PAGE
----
Q. The amount that you mentioned above, 12,000 won — what does that signify?


A. The current German government is trying to set the minimum wage at 8.5 euros, but actually 9.5 euros is generally taken as the minimum wage level.


Q. There has been backlash to the Korean deputy prime minister`s statement. There is concern that what it means is easier layoff of regular workers. Are you saying various support measures are necessary when adopting such a model as Germany`s reforms?  


A. It is not for me to say what policies must be taken while bringing flexibility to the labor market. I believe the important point is to create employment and strengthen the economy. It is for the Korean people to decide on the policies that will help them achieve this goal.


Q. A recent BBC poll on national image showed that 84 percent of Koreans surveyed had a positive image of Germany. Why do you think Koreans like Germany?


A. First, relations between the two countries have traditionally been good. Germany became a divided nation in 1945 and was reunited in 1990. This year is the 25th anniversary of the fall of the Berlin Wall, and I believe one of the reasons why Koreans like Germany is this history of successful reunification. The more elderly Koreans will clearly remember Germany`s economic support for Korea`s reconstruction in the 1960s. Germany provided Korea with loans and Korea sent miners and nurses, and the people who remember this know that Germany contributed to Korea`s economic development. It is these things that have created a good image of Germany in the Korean people`s minds. Also, in solving various social problems Germany has presented solutions that Koreans seem to find ideal.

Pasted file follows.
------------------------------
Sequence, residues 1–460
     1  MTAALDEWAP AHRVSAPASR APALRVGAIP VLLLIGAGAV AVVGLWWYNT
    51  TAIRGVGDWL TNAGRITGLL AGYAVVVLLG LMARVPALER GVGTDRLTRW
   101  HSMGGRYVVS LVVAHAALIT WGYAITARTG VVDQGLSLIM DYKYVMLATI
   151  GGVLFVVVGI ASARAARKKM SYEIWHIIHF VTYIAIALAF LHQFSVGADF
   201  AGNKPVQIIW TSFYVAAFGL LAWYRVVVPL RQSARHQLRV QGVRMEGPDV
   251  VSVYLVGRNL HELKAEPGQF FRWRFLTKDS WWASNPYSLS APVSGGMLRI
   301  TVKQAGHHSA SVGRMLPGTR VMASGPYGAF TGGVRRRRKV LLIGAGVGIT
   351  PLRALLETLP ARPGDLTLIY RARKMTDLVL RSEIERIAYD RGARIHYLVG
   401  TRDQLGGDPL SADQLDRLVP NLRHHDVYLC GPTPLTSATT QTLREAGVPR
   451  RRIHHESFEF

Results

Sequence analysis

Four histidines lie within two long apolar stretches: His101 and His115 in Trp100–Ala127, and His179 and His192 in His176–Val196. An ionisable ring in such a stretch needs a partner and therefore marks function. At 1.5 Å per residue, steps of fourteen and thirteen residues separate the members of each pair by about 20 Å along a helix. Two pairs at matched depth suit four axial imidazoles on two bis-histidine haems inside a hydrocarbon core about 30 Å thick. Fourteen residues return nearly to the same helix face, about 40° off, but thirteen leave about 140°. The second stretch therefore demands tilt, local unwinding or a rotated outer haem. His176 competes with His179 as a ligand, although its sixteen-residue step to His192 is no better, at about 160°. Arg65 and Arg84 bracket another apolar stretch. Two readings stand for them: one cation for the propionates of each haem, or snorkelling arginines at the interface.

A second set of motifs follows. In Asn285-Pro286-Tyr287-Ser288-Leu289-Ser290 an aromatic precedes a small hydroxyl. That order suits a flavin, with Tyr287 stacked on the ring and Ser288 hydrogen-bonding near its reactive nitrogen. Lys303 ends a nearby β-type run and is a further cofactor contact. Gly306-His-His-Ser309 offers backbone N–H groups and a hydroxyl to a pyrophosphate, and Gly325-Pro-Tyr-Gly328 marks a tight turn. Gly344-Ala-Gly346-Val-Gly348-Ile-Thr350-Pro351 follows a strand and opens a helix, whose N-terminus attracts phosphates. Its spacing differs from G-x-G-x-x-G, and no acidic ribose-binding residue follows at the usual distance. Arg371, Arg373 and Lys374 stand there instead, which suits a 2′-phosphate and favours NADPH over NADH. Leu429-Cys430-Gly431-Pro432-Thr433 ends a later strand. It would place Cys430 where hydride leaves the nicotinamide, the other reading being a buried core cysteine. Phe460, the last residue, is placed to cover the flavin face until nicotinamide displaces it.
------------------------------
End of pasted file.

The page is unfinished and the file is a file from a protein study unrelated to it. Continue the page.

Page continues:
Q. Koreans see Germany as a nation of thrift, industriousness and the meister mentality.


A. The people I meet in the street have this stereotypical image of Germany: cars, beer, Beethoven, and the environment. And they see Germany`s main virtues as industriousness, efficiency and strong organization. But these three virtues apply equally to Koreans. So it makes me think Koreans like Germans because they are alike in aspects such as these. It`s an interesting perspective, but I do think the two are alike.


Q. Specifically, what similarities do you see between the two countries? 


A. Korea and Germany are similar structurally in that they are both strong in manufacturing and export-oriented, and face the challenges of a low birthrate and the aging of society. I think this is why Koreans are especially interested in Germany compared to other countries.


Q. Korea wants to learn from Germany`s small- and mid-sized enterprise (SME) support policies.


A. Germany`s SMEs have some distinctly German characteristics. There are globally successful SMEs with employee numbers of less than 100, 200 or 500. The prime reason for success is the distinctive German entrepreneurial spirit, and then the tax benefits and other measures that encourage such entrepreneurial spirit. Most SMEs are in manufacturing, largely due to Germany`s advanced technology and excellent engineers. Under our dual education system, students go to school and at the same time learn firsthand the skills required by industry. In this lies the strength of Germany`s small businesses. What`s important is to secure competitiveness at home, in the local area, before expanding globally.


Q. Korea tried to introduce “meister high schools” and learn from the dual system. What are your thoughts on that?


A. Meister high schools are focused on vocational training. The students practice the skills and gain the knowledge needed in the field. This takes Germany`s dual education system a step further. Under the dual system, students undertake an apprenticeship at a certain company. They receive a set wage and in addition on-site vocational training while attending school. For example, they might go to work three days of the week and attend school for the remaining two days. On the part of the company, they are able to later employ students who have already received on-the-job training, and on the part of the students they learn from the beginning the skills that companies need. I believe Korea`s meister schools have no such system.

1 2